Grow Your Business, Not Your Inbox
"Growing up, I lived on Lake Erie and my family had boats, so it was kind of in my blood," says Mark Cassidy. In other words, it makes perfect sense that Cassidy, 38, would find his life's calling in two yachting businesses--a yacht brokerage and a Super Clean Yacht Service detailing franchise.
Two years ago, Cassidy joined the Super Clean franchise to supplement his income as yacht sales slowed. "The maintenance business of the yacht industry is a lot more stable than the sales business," he says. "Even though [the franchise] required a lot of effort and a lot of work, it was a way for me to [be more financially stable]."
For the time being, Cassidy's franchise, based in the Southern California beach community of Huntington Harbour, does require, well, a lot of work. Cassidy's workday actually starts the night before, when he checks his schedule and assigns employees to their various tasks--either doing wash downs, waxing, varnishing/teak restoration or interior/carpet cleaning.
The next day, Cassidy heads to the office and gets his employees' equipment and supplies ready. Cassidy's seven employees arrive shortly after and are given their assignments for the day. Then it's time to head to the job sites, where Cassidy meets each of his employees to make sure they fully understand what they need to do and have everything they need to get the job done.
Once his employees are established at their various jobs, Cassidy heads back to the office, where he makes phone calls, arranging estimates, scheduling jobs and following up on completed jobs to make sure customers are satisfied. He also calls past customers to remind them when they're due for new services.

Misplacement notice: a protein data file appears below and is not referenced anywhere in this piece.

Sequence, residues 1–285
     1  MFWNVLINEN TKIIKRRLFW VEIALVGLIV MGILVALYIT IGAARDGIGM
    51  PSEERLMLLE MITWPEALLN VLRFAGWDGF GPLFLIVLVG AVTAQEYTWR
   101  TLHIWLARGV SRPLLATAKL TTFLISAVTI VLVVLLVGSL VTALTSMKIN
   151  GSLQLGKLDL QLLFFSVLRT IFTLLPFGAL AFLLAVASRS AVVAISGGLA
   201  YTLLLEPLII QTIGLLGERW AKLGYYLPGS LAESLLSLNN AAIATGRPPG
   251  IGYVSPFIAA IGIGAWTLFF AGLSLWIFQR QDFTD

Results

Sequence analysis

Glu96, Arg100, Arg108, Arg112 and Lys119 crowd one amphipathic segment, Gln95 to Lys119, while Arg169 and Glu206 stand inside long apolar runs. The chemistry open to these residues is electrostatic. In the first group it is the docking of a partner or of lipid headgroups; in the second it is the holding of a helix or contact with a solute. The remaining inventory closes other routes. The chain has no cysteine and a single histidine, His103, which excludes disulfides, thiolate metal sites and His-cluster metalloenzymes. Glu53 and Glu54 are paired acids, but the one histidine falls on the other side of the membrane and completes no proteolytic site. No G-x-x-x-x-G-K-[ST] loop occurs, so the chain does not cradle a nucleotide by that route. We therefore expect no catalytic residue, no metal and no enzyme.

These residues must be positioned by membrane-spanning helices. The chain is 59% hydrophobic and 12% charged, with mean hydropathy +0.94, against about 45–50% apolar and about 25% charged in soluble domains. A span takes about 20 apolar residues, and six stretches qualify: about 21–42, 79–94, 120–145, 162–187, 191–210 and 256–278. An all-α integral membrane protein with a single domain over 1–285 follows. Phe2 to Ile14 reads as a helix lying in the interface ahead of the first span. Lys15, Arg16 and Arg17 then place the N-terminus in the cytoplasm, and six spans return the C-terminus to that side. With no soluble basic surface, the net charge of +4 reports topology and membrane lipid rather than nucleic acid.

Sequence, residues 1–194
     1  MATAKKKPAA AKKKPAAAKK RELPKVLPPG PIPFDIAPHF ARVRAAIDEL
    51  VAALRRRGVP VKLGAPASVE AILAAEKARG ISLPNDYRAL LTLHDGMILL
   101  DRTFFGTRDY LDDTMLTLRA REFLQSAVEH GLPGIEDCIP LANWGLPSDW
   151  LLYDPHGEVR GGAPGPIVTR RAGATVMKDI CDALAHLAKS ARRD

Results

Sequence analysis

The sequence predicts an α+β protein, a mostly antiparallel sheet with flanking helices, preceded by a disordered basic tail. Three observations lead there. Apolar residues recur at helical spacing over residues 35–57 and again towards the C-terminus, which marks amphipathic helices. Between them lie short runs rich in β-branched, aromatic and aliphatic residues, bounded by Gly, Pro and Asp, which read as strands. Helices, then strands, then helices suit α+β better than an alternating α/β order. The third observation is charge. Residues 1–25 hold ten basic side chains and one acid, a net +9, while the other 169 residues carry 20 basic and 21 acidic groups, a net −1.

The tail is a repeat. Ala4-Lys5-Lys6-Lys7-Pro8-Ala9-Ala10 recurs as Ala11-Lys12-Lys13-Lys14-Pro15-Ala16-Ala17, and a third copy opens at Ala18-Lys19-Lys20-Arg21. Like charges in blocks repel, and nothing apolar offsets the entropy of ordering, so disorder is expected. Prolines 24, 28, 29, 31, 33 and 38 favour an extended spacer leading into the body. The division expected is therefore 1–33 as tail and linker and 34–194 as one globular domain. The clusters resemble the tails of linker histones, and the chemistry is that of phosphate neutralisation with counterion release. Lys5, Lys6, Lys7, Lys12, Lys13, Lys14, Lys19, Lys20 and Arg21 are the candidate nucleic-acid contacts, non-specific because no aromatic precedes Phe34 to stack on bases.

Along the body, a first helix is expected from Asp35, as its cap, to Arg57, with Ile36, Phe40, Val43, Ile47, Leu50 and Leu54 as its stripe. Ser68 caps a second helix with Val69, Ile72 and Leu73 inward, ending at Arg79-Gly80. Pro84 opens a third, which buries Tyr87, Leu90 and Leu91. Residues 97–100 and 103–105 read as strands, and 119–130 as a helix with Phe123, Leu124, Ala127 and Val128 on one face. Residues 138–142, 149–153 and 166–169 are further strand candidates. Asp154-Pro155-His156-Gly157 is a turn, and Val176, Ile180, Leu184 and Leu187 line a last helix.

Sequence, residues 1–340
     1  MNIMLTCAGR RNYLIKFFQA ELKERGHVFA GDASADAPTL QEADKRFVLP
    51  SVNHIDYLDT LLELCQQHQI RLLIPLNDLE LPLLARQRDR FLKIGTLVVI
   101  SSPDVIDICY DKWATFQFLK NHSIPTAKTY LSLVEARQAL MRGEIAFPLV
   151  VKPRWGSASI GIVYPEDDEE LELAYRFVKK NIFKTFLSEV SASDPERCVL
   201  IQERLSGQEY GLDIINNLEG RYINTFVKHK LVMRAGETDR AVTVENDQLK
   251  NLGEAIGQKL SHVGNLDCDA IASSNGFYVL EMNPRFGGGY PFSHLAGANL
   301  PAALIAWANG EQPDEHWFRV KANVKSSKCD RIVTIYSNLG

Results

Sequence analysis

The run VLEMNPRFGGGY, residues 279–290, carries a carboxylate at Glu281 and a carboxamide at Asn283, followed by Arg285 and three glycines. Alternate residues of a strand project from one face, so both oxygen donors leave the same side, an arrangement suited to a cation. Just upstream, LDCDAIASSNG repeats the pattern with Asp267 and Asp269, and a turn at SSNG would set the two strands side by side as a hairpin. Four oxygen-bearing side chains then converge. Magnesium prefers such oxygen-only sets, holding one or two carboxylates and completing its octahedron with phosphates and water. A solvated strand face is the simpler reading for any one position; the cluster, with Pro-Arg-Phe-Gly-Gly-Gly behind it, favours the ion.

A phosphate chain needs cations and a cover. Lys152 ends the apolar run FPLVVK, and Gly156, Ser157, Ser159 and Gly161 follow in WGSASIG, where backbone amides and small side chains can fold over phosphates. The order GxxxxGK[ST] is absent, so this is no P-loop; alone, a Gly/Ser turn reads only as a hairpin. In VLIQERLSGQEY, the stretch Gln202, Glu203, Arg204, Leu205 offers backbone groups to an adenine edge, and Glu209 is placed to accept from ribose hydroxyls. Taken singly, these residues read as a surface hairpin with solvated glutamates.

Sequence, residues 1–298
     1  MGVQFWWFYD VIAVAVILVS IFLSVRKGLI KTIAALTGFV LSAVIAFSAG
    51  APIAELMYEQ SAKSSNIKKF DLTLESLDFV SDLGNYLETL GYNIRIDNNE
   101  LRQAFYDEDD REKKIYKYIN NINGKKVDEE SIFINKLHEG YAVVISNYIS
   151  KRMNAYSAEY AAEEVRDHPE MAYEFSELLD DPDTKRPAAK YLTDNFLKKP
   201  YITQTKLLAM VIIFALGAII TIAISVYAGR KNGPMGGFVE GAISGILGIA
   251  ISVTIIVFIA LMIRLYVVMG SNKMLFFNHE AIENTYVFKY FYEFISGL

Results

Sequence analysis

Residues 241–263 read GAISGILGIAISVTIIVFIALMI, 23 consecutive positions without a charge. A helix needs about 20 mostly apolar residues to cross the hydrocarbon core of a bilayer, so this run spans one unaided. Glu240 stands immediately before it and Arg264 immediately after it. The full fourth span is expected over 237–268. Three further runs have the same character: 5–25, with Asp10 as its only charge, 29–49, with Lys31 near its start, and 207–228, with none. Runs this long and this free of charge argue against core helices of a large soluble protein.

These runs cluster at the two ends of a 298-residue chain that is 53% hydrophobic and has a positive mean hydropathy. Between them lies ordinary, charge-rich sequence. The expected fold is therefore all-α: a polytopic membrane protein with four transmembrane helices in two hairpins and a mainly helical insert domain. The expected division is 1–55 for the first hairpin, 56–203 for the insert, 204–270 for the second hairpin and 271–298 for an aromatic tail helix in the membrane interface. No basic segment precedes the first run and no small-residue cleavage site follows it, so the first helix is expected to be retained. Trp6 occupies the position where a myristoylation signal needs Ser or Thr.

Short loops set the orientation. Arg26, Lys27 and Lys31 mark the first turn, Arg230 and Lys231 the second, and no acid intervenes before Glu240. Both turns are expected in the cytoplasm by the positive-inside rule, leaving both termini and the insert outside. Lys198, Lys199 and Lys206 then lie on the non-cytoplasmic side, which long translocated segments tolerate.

"Generally, I'm not meeting the customers in person. Most of our relationship is over the phone," explains Cassidy, who speaks with five to 10 customers a day. For estimates, Cassidy can give the customer a ballpark estimate over the phone, but he'll usually go and see the boat in person, taking digital photos of the project to examine at the office, before faxing or e-mailing a written quote.
Many of Cassidy's customers are getting scheduled service--washings every week or every other week, waxing and varnishing/teak restoration every six weeks and interior/carpet cleaning on an as-needed basis. These regular customers do get priority scheduling, and Super Clean employees do weekend work for these customers in some instances.
At the end of the day, Cassidy goes back to the various job sites to check up on his employees' work. He also likes to do a final inspection of completed jobs to give everything a once-over before the customer sees it. "[I'm doing] quality control on an ongoing basis, to make sure the work is up to par," he says.
For now, the yacht-detailing franchise is consuming most of Cassidy's time, and his yacht brokerage is on the back burner. "I plan on spending more time with the brokerage business once I get to a point where I can afford to do that," he says. "Right now, the main emphasis is growing the detailing business. [It's] in its infancy and is going to take a lot of time."
Just because Cassidy is working the long hours now--up to 10-hour days in the warmer months--that doesn't mean he expects his days to be this packed forever. "I don't see working these hours in a year or two," he says. "Once the business plateaus to a point I'm comfortable with, I'm probably going to be working more 9-to-5 days."
But even with all the work, Cassidy still feels completely fortunate to be running this franchise. "This allows me to spend most of my day outside working on the water," he says. "You can't beat the environment."